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Equity Release Supermarket News Overcoming challenges during the equity release legal journey
Overcoming challenges during the equity release legal journey
Equity Release Supermarket News Overcoming challenges during the equity release legal journey

Overcoming challenges during the equity release legal journey

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Carol Nuttall
Checked for accuracy and updated on 09 May 2024

When releasing equity from your home the equity release process should be relatively straight forward. Afterall, you are releasing the equity from your home that you have already purchased, or inherited by using the UK legal and conveyancing system.

However, the process may not always be so straight forward for a number of reasons. Many of the scenarios we discuss in this article about equity release conveyancing here at Adlington Law - can be easily avoided.

Obtaining your offer, with the help of your trusted equity release adviser is only the first step of the process. Prior to this, your adviser will discuss all of the financial aspects of your application, including submission to the lender, obtaining the valuation report and if all goes well, the issue of the offer document itself.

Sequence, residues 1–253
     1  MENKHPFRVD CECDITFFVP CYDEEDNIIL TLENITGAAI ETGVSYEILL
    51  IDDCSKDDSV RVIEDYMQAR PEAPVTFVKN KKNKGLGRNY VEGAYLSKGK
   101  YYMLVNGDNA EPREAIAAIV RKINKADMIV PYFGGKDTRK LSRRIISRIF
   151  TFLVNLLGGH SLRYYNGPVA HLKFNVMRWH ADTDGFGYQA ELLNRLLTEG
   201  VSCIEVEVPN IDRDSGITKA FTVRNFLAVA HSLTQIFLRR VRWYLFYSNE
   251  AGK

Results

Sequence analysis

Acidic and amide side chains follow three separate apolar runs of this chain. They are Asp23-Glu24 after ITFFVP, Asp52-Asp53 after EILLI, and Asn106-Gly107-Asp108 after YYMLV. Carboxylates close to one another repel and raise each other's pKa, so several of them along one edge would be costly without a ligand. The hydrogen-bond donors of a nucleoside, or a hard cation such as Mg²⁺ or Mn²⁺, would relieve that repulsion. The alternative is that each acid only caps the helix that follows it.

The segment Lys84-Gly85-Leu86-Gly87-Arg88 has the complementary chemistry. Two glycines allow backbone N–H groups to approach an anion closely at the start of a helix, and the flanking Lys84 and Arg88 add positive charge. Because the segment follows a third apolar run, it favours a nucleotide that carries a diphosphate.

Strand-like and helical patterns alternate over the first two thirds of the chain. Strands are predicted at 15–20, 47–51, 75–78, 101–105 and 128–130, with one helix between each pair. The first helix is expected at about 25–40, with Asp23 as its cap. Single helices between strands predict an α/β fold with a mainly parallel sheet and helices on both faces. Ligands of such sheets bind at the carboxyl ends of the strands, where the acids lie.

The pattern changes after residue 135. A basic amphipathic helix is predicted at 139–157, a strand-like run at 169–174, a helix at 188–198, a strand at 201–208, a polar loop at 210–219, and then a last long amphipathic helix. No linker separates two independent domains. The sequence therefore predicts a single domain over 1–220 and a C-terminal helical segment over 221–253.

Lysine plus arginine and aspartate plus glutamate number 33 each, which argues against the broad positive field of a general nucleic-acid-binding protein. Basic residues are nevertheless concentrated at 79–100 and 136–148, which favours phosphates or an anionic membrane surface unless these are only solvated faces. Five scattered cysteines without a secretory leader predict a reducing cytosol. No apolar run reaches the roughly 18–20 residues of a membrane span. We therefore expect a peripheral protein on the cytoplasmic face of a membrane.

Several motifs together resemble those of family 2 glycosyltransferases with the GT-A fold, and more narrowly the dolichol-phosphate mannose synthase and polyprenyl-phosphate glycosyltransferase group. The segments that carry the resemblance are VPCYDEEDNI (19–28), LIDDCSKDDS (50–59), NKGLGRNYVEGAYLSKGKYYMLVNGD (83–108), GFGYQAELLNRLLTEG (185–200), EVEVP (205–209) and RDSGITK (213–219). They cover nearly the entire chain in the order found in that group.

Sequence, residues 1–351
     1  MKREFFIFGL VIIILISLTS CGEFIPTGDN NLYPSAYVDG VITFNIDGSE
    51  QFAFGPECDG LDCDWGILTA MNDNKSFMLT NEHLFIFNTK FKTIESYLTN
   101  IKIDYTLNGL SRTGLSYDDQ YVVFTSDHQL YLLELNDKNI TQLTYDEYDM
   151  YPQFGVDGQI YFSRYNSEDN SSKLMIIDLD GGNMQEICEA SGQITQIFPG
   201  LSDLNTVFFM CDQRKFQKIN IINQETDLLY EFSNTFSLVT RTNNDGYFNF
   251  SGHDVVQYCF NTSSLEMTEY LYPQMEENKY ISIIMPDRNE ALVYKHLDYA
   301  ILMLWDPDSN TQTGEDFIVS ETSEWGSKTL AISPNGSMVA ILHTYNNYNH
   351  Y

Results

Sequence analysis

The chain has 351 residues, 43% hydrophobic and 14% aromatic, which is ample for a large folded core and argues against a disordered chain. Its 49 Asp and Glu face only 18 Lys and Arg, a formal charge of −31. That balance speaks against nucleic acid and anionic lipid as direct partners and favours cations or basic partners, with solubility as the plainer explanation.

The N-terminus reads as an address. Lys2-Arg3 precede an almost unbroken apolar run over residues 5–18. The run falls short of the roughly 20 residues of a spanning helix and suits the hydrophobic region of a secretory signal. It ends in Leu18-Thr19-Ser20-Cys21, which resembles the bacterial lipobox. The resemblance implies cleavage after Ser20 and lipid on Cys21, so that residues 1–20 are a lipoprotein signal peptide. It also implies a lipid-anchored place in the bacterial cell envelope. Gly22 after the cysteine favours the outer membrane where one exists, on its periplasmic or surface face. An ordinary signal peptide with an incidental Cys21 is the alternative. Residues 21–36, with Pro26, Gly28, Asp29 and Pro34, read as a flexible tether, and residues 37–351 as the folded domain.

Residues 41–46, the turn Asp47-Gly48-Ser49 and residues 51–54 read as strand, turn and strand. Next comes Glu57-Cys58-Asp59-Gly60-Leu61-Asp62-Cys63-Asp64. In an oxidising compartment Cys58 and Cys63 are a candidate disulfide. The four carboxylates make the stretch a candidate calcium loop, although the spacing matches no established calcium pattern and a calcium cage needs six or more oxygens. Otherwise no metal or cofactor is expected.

Upon issue, your chosen Lender will instruct their legal team who prepare the legal paperwork, examine the title to your property and then forward the offer and accompanying legal paperwork to your nominated solicitors. In addition, your equity release adviser will obtain copies, which they will share with yourself. This paperwork may include special conditions, imposed by the Lender or their solicitors, to ensure that both your own interests and those of your Lender, are protected.